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Report No. 62

10.69. Persons exposed to hazards (Additional item to be included in the second Schedule).-

We regard it as a serious drawback in the existing Act, that it fails to cover those employees who, though not directly employed in the specified hazardous employments, are, nevertheless, exposed to those very hazards by reason of the fact that the duties of their employment require them, whether occasionally or frequently, to face those hazards. For example, an office worker who occasionally has to visit a thermal power house for checking, say, stores, in order to verify the accounts of certain purchases made for the power house, is exposed to the same hazards as a worker employed on the premises.

But, as the law stands now, if he is injured by an electrical apparatus in the power house, he is not covered by the Workmen's Compensation Act. Similarly, a person performing administrative duties, who has to go to a Government-owned factory for some such purpose as is mentioned above, is not covered by the Act. The existing scheme is based on the distinction which exists between the hazard constituted directly by one's usual employment, and the hazard, occasionally arising from isolated contacts with the hazardous object.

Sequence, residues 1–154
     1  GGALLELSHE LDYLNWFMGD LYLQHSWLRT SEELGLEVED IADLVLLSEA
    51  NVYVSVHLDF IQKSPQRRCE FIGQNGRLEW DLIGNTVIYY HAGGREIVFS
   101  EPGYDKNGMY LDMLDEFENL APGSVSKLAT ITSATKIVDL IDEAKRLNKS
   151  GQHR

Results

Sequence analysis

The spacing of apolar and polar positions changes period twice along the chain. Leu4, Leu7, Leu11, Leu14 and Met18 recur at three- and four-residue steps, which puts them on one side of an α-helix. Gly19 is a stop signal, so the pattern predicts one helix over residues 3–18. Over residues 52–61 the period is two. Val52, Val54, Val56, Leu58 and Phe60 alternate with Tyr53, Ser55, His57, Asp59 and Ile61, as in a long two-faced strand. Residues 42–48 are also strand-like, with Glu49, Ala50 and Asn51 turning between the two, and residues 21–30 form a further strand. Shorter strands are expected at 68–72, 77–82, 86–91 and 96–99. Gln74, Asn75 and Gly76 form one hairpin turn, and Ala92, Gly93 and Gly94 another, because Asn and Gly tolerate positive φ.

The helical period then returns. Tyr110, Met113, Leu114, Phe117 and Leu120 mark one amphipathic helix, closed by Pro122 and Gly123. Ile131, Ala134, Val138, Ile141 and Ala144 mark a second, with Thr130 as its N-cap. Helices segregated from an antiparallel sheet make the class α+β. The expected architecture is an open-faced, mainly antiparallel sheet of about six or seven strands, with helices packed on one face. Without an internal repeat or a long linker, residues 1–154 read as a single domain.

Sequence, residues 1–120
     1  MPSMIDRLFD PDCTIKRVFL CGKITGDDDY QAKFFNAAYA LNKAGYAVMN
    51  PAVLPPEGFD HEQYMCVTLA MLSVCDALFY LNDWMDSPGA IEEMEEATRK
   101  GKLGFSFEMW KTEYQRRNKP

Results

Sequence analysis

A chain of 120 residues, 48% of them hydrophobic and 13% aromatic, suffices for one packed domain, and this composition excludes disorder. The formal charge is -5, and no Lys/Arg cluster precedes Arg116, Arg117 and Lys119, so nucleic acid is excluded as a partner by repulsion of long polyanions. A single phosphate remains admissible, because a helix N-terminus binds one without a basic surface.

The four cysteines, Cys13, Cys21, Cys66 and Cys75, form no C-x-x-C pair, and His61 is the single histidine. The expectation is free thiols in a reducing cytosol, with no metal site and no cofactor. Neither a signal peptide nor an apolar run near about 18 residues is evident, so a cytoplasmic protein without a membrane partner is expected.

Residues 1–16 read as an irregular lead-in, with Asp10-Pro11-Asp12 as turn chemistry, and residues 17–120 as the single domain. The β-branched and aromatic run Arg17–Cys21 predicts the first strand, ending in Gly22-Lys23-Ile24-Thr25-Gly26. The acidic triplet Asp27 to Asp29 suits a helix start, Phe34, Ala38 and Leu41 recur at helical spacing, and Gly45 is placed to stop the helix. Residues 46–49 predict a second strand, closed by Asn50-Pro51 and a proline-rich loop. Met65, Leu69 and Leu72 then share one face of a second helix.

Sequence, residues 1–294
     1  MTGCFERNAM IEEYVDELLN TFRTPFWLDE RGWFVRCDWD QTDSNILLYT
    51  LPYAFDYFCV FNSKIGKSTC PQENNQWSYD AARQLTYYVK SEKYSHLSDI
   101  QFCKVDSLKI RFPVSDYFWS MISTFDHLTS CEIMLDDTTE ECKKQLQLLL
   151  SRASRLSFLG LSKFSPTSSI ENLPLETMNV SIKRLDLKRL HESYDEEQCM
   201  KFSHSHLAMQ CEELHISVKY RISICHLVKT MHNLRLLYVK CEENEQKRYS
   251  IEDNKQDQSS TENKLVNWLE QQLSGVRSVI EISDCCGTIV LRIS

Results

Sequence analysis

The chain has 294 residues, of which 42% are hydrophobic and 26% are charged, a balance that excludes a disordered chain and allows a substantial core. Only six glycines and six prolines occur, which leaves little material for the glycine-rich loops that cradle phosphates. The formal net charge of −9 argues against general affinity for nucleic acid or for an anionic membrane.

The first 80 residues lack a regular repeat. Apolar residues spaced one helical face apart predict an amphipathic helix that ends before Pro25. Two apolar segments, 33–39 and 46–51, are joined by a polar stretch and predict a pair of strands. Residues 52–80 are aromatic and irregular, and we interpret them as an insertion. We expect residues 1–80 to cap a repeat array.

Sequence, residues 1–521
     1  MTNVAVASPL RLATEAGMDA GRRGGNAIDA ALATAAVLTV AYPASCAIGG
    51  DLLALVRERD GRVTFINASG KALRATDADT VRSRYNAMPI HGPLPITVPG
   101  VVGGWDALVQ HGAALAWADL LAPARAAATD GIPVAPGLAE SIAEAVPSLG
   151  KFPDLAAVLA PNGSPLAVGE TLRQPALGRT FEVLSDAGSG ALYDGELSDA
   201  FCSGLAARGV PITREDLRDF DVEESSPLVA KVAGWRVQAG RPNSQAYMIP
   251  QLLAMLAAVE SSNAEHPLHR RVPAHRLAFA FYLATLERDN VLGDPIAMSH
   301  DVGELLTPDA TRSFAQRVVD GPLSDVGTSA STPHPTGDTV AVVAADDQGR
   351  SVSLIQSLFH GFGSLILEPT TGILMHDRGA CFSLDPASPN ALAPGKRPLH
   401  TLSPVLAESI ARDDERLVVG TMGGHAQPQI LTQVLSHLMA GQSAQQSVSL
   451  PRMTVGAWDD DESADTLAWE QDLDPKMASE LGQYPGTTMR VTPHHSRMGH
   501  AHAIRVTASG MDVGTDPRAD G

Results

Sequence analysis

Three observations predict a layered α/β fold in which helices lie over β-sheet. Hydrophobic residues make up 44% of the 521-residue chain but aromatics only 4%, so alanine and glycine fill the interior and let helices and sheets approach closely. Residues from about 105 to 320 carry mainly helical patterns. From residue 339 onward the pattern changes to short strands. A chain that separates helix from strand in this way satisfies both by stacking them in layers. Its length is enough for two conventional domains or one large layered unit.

10.70. In our view, this distinction should, having regard to the modern tendency to increase rather than decrease the right to compensation, be removed. Where the accident is due to the hazard constituted by a scheduled employment, compensation should be admissible whether the workman is one employed in the very employment (which is hazardous), or whether he comes into contact with that hazard only at isolated times in the course of his duties. We, therefore, recommend the insertion of a general item at the end of the Second Schedule, to cover such a situation.

Workmens Compensation Act, 1923 Back

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